The incidence of choriocarcinoma increases with age and is 5-15 times higher in women who have reached 40 than in younger women. Cells from choriocarcinomas tend to get into the blood stream early in the development of the disease and these cells spread (metastasise) to the lungs, vagina, brain, liver, kidneys, or bowel, forming secondary tumours, i.e. metastatic disease.

Most choriocarcinomas are diagnosed after women develop symptoms of metastatic disease. Tumour deposits in lungs may cause coughing of blood or shortness of breath. Brain tumours may cause headaches, dizzy spells, or blackouts. Bowel tumours may cause rectal bleeding or dark stools. Abnormal vaginal bleeding is common, either due to uterine choriocarcinoma tumours or vaginal metastatic tumours.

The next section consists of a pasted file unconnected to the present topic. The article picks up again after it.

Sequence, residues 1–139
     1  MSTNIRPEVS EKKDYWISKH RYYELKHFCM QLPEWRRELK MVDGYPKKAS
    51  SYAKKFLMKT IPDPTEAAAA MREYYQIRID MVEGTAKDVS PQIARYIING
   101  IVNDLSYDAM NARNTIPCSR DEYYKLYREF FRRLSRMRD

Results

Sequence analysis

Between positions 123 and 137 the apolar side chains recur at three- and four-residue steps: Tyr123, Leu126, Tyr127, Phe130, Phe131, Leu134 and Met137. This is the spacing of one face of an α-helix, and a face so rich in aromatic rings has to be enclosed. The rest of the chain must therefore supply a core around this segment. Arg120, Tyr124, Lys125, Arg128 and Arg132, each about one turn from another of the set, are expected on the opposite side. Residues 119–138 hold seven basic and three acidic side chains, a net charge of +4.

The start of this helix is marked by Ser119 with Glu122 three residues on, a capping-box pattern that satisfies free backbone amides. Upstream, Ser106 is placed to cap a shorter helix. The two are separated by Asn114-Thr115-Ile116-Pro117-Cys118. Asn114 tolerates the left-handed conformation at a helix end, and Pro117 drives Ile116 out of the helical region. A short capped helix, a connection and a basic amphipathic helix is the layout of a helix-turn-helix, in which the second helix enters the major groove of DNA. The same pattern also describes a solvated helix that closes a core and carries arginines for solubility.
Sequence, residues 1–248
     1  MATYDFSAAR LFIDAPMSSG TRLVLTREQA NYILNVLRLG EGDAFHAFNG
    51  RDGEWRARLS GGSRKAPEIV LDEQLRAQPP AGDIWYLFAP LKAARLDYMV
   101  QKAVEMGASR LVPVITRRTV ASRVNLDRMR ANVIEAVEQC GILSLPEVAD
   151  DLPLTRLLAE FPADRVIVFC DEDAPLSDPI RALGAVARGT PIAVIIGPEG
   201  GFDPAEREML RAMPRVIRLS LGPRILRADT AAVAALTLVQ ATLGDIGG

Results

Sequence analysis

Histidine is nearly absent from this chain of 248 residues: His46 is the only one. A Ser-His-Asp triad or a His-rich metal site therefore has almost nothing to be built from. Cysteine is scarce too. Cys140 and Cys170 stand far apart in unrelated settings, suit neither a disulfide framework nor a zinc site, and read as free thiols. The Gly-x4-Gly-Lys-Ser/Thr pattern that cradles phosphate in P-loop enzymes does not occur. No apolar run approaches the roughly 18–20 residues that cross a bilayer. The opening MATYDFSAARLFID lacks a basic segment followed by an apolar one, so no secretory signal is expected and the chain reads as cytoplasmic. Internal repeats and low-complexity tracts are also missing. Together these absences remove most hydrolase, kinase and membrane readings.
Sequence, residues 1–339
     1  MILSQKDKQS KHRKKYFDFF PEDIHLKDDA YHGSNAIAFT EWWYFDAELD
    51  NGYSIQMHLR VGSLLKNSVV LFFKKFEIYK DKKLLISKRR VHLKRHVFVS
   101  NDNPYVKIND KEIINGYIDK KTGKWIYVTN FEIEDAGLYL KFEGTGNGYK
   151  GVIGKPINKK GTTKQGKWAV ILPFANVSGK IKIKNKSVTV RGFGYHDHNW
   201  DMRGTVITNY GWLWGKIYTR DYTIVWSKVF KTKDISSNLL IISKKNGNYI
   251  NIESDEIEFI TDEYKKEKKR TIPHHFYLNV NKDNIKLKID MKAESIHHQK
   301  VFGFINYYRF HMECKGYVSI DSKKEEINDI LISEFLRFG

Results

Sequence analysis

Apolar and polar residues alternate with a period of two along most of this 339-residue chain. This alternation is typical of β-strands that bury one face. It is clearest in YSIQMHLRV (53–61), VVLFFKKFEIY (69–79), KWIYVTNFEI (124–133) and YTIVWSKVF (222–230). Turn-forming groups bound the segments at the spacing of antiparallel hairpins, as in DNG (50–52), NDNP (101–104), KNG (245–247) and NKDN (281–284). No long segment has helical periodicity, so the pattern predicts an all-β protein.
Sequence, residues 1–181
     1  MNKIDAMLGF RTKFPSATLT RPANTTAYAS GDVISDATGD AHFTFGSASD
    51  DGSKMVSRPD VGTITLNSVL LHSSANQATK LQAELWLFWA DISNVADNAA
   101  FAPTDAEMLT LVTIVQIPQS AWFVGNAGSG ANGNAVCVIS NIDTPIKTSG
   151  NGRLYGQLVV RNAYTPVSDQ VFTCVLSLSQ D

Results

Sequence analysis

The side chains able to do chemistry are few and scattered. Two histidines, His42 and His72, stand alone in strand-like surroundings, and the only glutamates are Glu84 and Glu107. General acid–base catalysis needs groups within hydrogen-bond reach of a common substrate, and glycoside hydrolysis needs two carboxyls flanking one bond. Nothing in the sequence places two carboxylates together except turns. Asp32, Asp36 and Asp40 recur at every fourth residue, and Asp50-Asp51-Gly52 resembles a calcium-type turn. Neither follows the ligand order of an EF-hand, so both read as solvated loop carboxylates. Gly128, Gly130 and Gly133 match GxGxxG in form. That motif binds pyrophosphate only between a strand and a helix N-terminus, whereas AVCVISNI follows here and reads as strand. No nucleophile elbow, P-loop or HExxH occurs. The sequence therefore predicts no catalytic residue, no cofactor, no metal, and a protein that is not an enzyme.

Placental site trophoblastic tumours are exceptionally rare forms of GTN that start growing where placentas were once attached. They typically differ from other GTNs in that their cells secrete human placental lactogen, hPL, rather than hCG. They may also be diagnosed in women after menopause.


Treatment of a GTN is based on assessment of the risk of an undesirable outcome such as progressive disease. Assessment depends on the presence or absence of several prognostic factors. A woman’s invasive mole is considered to be low risk if it has not spread outside her uterus. If it has spread outside her uterus, to be considered low risk, all of the following must apply: